On the other hand, the newbies’ group functions as more of a breather for our ML, even if not all storylines are merry and happy: while he starts off on the wrong foot with pretty much everyone, he’s quick in gaining their respect and they find themselves sharing their breaks speaking about their troubles and working together.
Another smart move by the writers was not to take the easy road, a romance between the ML and FL, instead only inserting hints here and there while focusing on their work lives: that’s the whole point of the show, and losing it in the name of attracting a couple viewers would have costed quite a bit in terms of quality and impact.
Misaeng is rooted on interactions, dialogues and people as a group more than singles: through their clashes at work they find themselves changing and learn things such as camaraderie, loyalty and resilience. It’s easy to build a couple of good leads and leave secondaries out to dry, and Misaeng chooses not to do it: there’s not a solo carry as in many other dramas whereas the ensemble is a joy to watch.
- Right choices
As easy as the plot sounds, Misaeng would have needed perfect casting to pull off what it wanted to be: too perfect of a ML would have stood out too much, too chirpy of a FL could have been a nuisance and what if the Sales Team and/or newbies didn’t mesh well together?
Perfect casting was achieved though, and it all starts with the most fitting actor/character pairing I’ve ever witnessed. Im Si Wan, originally an idol, just looks the part in all aspects: he’s not that overwhelming of a presence, his sharp eyes combined with his quirky mannerisms and calm demeanor are 100% match for a mere employee and his facial expressions are so subtle yet telling, he doesn’t need to talk much to tell a lot.
He’s also an amazing actor by his own and that helps: his career developed well with other good dramas such as Hell is Other People and Run On, and he’s one of the best and most famous idols-turned-actors in the business.
The other shining star is Sales Team 3’s manager, portrayed by a superb Lee Sung Min: his character has a lot of shades, a sad past and tons of troubles to go through yet he’s also such a driving force, a relentless personality that makes for a chaotic pairing with the ML, a working chaos though as they are the reason Misaeng rises from great to excellent.
Prop to all the newbies too: Kang So Ra is a good FL with one of the hardest plotlines and she delivers a powerful performance, Byun Yo Han is the funniest of the bunch, constantly bickering with his boss and the others he’s just the right amount of comedy the series needed to complement the drama part.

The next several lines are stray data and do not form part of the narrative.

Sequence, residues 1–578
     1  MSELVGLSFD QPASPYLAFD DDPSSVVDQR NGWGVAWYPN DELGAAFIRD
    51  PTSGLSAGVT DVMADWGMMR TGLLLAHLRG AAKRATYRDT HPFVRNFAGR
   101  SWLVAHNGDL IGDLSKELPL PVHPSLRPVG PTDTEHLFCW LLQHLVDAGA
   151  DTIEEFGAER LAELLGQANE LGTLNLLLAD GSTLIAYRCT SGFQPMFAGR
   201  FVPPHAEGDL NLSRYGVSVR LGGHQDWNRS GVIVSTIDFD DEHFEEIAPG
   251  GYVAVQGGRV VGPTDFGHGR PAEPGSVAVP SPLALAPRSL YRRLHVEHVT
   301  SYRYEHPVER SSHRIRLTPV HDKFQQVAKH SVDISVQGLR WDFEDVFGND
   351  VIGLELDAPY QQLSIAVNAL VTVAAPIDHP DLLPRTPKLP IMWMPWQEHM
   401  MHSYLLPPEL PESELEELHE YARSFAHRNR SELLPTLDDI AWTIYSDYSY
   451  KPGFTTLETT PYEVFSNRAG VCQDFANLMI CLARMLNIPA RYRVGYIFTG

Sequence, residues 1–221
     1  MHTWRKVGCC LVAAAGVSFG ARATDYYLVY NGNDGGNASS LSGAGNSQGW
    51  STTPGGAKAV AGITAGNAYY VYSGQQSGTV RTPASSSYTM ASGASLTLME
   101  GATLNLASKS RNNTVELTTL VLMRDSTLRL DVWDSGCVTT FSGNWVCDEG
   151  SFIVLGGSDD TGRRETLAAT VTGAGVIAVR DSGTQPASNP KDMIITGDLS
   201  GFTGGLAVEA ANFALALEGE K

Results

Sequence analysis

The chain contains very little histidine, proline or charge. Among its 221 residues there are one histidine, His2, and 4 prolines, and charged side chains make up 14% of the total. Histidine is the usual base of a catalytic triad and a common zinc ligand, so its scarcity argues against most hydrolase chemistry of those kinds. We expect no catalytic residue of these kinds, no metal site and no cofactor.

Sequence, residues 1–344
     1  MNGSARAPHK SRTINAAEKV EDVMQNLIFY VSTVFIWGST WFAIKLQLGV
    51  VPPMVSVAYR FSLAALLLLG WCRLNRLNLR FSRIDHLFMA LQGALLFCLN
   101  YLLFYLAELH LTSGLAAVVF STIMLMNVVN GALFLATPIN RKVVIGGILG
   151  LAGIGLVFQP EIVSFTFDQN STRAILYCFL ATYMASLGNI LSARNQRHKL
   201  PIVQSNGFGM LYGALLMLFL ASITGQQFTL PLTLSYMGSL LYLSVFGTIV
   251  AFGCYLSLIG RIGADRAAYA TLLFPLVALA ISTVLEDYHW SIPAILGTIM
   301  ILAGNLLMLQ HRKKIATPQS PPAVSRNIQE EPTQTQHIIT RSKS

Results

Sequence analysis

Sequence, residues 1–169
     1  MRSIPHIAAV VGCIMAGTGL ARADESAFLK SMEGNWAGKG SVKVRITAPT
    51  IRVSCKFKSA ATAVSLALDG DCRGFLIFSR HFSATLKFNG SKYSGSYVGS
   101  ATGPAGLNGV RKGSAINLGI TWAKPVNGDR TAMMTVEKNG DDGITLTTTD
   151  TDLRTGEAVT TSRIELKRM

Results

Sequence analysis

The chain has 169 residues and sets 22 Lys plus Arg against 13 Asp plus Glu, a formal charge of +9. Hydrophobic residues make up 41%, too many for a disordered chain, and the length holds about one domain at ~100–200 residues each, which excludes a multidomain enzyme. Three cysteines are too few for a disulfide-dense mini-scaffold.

- Not as usual
The main quality of Misaeng is also his only weakness: simply put, this is not your standard KDrama, and as one you could have a hard time finding a reason to watch it.
Leads are not as important as the whole cast is, the FL is not even a lead in terms of screentime and there’s no romance, action, thriller or melo: in that sense Misaeng is close to a Korean version of The Office, without much of the absurdity and even more real on themes and situations.
Pacing could also be an issue in the first half, slower than the norm it then picks up from ep 9 on; some storylines are tough to swallow, particularly seeing how the FL is treated by her male colleagues and superiors will make your blood boil in anger; finally it’s not a technical marvel, with few OSTs and lots of dialogues and silences, so it may look raggedy sometimes.
That said, writing and acting are still too much of a calling card not to add this one to your list, trust me.
Misaeng is as close as a KDrama ever got to depicting real life in all its intricacies, the inner charm of a work routine that it’s never truly the same, the importance of human connections and interactions as a mean to understand each other.
The ability of writing, a competent director and a wise choice in that “less is more” made a common slice of life in a true masterpiece of a genre that Korea should explore further if these are the results.
Amazing character construction and development, true growth by most of them and meaningful changes from start to finish, Misaeng’s plotlines are carried on by A+ acting with Im Si Wan’s breakout performance and an unforgettable Lee Sung Min in one of the best rendition of male friendship.
It may lack in visual impact, have no heart-fluttering moments nor thrilling, angsty scenes yet I can’t help but to recommend Misaeng as one of the best KDramas I’ve ever had the pleasure to watch.
Everyday life is so damn beautiful if we’d just stop for a minute and think about it.
That’s it for me today, I’ll see you in the next stop of my K-List, always the same yet always a bit different, such as life is.